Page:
Tips to Avoid Stings

In late summer/autumn wasps have no young to feed so get no sugary secretion. This is when they seek fermenting fruit and sweet things and become more of a pest at picnics, barbecues and outdoor meals in general.

Luckily there are some easy, practical things you can do yourself to try and avoid being stung.

  • Do not panic - If you find there are wasps nearby keep calm and move slowly away.

  • Do not scream, flap your arms or swat them - This will just agitate them and make them more aggressive.

  • Avoid strong, sweet smells - Do not use highly perfumed fragrances, shampoos, hair sprays.

  • Avoid bright colours - Do not wear bright, bold floral patterns on clothes and bags, which could attract wasps.

  • Avoid orchards - Or any soft fruit plants and even uncovered bins, where wasps gather seeking food.

  • Avoid open drinks - If drink cans or bottles are left unattended, it may encourage wasps to crawl inside.

  • Cover food and drink - Always keep food and drink covered when eating outdoors to deter wasps.

  • Stay clean - Ensure children’s hands/faces are cleaned after eating sweet foods/drinks.

Treatments for Wasp Stings

It is difficult to know how you might react to a wasp sting, if you have never been stung before.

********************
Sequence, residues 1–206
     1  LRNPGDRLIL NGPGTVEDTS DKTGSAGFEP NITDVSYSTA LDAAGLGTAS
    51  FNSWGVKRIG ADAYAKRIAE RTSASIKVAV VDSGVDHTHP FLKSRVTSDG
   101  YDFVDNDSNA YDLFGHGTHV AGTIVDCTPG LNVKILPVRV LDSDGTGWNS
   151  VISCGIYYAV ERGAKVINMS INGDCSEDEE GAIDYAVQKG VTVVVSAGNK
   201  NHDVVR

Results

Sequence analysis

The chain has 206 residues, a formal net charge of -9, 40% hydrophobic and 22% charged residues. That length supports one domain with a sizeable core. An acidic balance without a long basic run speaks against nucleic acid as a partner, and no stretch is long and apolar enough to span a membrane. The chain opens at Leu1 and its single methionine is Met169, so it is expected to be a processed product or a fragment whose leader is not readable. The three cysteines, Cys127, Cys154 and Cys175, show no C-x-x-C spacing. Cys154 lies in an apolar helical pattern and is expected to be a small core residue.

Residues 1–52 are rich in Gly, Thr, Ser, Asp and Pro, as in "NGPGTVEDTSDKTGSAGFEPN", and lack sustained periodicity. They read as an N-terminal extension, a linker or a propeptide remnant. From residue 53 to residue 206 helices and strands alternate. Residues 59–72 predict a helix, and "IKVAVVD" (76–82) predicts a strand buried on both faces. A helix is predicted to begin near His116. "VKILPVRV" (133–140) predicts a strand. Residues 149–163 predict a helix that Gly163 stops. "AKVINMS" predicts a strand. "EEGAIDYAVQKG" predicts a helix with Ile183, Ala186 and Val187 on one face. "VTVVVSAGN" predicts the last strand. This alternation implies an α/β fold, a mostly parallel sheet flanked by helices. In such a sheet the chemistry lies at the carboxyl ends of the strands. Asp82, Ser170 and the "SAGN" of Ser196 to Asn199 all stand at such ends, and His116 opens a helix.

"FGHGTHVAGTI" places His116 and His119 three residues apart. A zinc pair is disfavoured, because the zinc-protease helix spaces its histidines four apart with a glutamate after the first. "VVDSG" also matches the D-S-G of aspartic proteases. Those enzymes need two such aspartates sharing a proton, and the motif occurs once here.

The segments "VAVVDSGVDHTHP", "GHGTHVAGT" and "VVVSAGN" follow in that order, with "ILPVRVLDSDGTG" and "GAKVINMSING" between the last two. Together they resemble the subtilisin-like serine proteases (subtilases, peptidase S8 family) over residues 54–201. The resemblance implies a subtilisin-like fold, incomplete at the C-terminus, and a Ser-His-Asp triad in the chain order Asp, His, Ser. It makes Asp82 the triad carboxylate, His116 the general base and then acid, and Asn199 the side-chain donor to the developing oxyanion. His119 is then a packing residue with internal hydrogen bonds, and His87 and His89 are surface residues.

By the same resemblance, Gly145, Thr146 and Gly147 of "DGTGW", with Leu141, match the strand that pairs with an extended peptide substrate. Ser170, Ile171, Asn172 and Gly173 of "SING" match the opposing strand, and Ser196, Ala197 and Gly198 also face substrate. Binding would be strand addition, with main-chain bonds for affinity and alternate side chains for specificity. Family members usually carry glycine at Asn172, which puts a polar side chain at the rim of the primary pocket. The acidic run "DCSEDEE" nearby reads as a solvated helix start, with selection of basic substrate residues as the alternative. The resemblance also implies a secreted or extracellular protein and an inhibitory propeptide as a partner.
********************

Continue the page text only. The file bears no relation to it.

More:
There are some practical things you can do to help with any pain you might feel

  • Use a cold compress such as an ice-pack or cold flannel.
  • Take painkillers such as paracetamol or ibuprofen to soothe any pain.
  • Take antihistamine tablets to reduce any small localized swelling around the sting.

If you are in any doubt about a wasp sting please consult a doctor or medical professional.

The allergic reaction anaphylaxis can occur when someone becomes sensitized to the poison in the sting. It is a rare reaction but can be fatal.

If someone has the following symptoms after being stung, immediately call for an ambulance:

  • difficulty breathing
  • wheezing
  • vomiting
  • nausea or diarrhea
  • feeling faint or dizzy
  • swollen face or mouth
  • problems swallowing

How long do wasp stings last?

How long a wasp’s sting lasts depends on a person’s reaction to the sting. People who are sensitive to insect stings, may have the sting last and remain swollen or painful for several days. For some others, the wasp’s sting may disappear in as little as three days.

If there is intense pain or swelling for days, it is possible someone could be experiencing an allergic reaction or perhaps some kind of wasp’s sting infection. You should seek medical attention if the pain is intense for longer than a couple days.

Want to avoid wasp stings?

Wasp nest removal is one of the most reliable ways to reduce the number of wasps buzzing around your home and the risk of painful stings.

You will continue to have a wasp problem throughout the summer as long as a nest remains untreated on your property. 

Due to safety concerns, we do not recommend using DIY wasp removal products to destroy a hornet or wasp nest yourself. The safest and most proven method in removing stinging insect nests is by contacting pest control professionals like Ehrlich.

At Ehrlich, our qualified, local technicians require just one 30 - 45 minute visit to treat a wasp nest and Ehrlich pest control specialists will help you find ways to prevent wasp nests and prevent wasp stings in the future..

We will also offer expert advice on preventing wasp problems in the future.

Call Ehrlich free at 1-800-837-5520 for further information on how to get rid of wasps and hornets arrange for a visit by a specialist..